The Cowboy Legend: Casey Tibbs

According to the ProRodeo Hall of Fame, Casey Tibbs is to the sport of rodeo what Babe Ruth and Lou Gehrig are to baseball; what Jack Dempsey and Muhammad Ali are to boxing; and what Red Grange is to football.

Casey Duane Tibbs was born to John F. and Florence M. (Leggett) Tibbs in the family’s log cabin northwest of Fort Pierre, South Dakota, on March 5, 1929. He attended rural school at Orton Flat.

Young Casey, who started riding in local rodeos when he was 14, was training bucking stock and competing at rodeos around the country the next year.

In 1949 at the age of 19, Tibbs became the youngest man ever to win the national saddle bronc-riding crown. Between 1949 and 1955, he won a total of six PRCA saddle bronc-riding championships, two all-around cowboy championships, and one bareback-riding championship. He inspired audiences with his trademark “Purple Shirt” (which matched his “purple” Cadillac) and a riding style that depended on balance and rhythm instead of pure strength.

Casey Tibbs was anything but shy. In 1958, he appeared on the television show, “This Is Your Life,” with Ralph Edwards. Except for a brief stint in 1969, he retired from rodeo to concentrate on TV and movie roles in 1964. He also organized a rodeo troupe that performed at the World’s Fair in Brussels; wrote, produced and starred in the movies Born to Buck (1967) and Young Rounders ; and starred in the movie Bronc Busters . He was featured in Wild Heritage (1958), Tomboy and the Champ (1961), and Breakheart Pass(1975). Tibbs was also a regular in stunt work in television and movies. In 1973, he introduced rodeo to the Japanese with 162 performances in that country.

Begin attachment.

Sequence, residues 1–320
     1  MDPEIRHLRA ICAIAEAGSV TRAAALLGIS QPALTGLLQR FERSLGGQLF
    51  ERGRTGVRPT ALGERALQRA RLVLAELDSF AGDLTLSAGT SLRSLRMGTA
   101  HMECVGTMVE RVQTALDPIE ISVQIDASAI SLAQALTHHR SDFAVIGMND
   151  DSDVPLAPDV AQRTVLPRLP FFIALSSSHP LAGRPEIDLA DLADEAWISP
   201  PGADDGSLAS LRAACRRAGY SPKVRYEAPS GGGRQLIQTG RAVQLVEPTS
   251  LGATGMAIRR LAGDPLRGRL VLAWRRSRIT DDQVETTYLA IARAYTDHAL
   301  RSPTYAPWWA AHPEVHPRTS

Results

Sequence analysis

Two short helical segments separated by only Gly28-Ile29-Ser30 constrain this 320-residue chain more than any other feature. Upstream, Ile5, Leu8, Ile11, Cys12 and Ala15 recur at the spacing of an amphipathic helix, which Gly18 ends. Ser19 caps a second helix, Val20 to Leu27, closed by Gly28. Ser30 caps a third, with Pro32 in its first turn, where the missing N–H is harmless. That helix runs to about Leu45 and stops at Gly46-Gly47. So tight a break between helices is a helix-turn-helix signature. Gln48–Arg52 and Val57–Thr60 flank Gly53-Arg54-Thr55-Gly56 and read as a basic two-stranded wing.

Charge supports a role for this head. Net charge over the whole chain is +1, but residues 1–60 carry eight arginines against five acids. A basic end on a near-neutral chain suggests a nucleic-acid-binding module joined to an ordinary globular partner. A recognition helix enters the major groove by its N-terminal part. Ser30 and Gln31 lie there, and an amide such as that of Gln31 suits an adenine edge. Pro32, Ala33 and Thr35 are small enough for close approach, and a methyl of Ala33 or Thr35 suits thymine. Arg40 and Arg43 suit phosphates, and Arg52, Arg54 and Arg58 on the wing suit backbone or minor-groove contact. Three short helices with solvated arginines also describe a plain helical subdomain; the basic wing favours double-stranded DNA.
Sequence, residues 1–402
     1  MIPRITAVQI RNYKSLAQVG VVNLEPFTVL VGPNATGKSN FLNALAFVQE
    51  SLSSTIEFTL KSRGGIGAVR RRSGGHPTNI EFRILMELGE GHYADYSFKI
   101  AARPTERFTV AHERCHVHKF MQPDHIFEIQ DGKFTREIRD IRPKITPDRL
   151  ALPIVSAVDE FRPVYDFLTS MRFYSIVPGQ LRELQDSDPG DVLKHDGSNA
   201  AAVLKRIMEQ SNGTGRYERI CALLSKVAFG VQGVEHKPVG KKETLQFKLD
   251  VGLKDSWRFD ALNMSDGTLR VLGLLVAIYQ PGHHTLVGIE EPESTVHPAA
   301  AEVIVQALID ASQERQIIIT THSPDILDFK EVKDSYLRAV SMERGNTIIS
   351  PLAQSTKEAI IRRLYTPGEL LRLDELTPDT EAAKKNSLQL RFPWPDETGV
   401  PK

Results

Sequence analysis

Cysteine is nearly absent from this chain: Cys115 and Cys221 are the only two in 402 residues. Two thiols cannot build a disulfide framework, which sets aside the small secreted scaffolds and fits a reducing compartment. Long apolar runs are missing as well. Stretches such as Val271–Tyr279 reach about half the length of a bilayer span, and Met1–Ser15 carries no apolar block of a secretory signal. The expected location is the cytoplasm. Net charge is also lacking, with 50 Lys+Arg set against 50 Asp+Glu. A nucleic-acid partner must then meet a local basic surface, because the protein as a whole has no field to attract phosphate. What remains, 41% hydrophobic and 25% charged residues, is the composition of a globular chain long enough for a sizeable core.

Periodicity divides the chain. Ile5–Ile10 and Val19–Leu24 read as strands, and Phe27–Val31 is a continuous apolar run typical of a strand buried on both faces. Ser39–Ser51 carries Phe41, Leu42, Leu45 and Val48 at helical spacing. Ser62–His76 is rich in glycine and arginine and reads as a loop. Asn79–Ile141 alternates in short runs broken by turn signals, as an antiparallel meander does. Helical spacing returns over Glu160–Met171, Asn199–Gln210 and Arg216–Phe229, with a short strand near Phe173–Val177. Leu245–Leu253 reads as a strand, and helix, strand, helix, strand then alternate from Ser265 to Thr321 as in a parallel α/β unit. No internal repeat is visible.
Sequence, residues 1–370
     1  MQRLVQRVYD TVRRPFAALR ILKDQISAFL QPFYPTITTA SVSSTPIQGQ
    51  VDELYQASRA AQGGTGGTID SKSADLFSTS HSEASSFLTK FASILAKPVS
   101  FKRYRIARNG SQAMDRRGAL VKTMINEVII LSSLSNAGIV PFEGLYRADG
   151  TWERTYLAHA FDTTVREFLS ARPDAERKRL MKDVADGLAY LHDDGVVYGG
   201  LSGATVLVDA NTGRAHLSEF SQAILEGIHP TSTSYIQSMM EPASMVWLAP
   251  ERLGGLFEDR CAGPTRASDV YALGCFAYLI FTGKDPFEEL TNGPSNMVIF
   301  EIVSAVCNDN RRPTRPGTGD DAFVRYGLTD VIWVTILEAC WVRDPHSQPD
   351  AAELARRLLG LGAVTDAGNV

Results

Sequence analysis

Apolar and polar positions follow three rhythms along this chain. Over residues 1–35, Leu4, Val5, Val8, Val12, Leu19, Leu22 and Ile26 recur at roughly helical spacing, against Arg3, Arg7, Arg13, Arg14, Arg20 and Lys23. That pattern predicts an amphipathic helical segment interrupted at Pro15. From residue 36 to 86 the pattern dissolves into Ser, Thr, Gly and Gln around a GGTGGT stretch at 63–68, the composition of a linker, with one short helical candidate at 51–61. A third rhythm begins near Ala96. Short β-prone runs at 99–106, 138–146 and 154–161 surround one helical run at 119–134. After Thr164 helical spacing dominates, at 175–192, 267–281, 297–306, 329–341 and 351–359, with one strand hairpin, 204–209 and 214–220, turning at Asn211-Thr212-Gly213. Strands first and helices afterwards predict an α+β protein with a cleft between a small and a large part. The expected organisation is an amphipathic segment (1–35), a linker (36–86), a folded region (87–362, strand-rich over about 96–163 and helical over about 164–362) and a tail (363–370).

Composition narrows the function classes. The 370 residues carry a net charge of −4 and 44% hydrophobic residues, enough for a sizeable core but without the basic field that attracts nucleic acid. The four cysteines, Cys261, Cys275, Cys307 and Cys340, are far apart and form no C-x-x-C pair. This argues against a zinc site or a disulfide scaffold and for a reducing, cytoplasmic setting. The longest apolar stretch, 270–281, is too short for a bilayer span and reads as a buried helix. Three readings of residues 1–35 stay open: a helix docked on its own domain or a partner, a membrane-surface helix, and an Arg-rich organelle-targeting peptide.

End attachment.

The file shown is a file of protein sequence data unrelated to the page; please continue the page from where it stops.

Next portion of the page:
In August 1989, Tibbs was awarded the Golden Boot from the Motion Picture and Television Relief Fund for his contribution to the industry.

His picture appeared in such diverse places as the cover of Life magazine, Roy Rogers Funny Book, counter check blanks, plus countless newspapers and books. For many years, he wrote a syndicated newspaper column, “Let’er Buck,” for Rodeo Sports News. He was also a pioneer in bucking horse breeding programs, and was one of the founders of the Rodeo Cowboys Association (later PRCA), dedicated to improving the image of cowboys and professional rodeo.

Outside of rodeo, Tibbs enjoyed the high life, indulged his taste for beautiful women and good whiskey, and reportedly spent his money as fast as he made it—yet he always found time to visit children in hospitals, and do charity work with groups such as 4-H.

As well as being one of Rodeo’s greatest competitors and most colorful personalities, Tibbs was a visionary. It was he who first thought up the idea of holding a World Series of Rodeo, which became “Rodeo’s Greatest Spectacle,” the National Finals Rodeo in 1959.

Today, pro rodeo pays millions in prize money and attracts sell-out crowds around the nation annually.

A larger-than-life bronze statue (“The Champion”) of Casey on the famed bucking horse Necktie was dedicated that same month at the ProRodeo Cowboy Hall of Fame in Colorado Springs, Colorado. Edd Hayes, sculptor of the “Champion,” said that inside the bronze he had inscribed a heart with the words “Ride Cowboy, Ride.”

Casey Tibbs died on January 28, 1990, while watching the Super Bowl at his home in Ramona, California. He is buried near his hometown of Fort Pierre, South Dakota.

He still holds the world record of 6 PRCA Saddle Bronc Championships, and is the only cowboy to date who has won 4 PRCA Saddle Bronc Championships in a row.

As country singer Charlie Daniels said, Casey Tibbs was “as western as the sunset, and cowboy to the core.”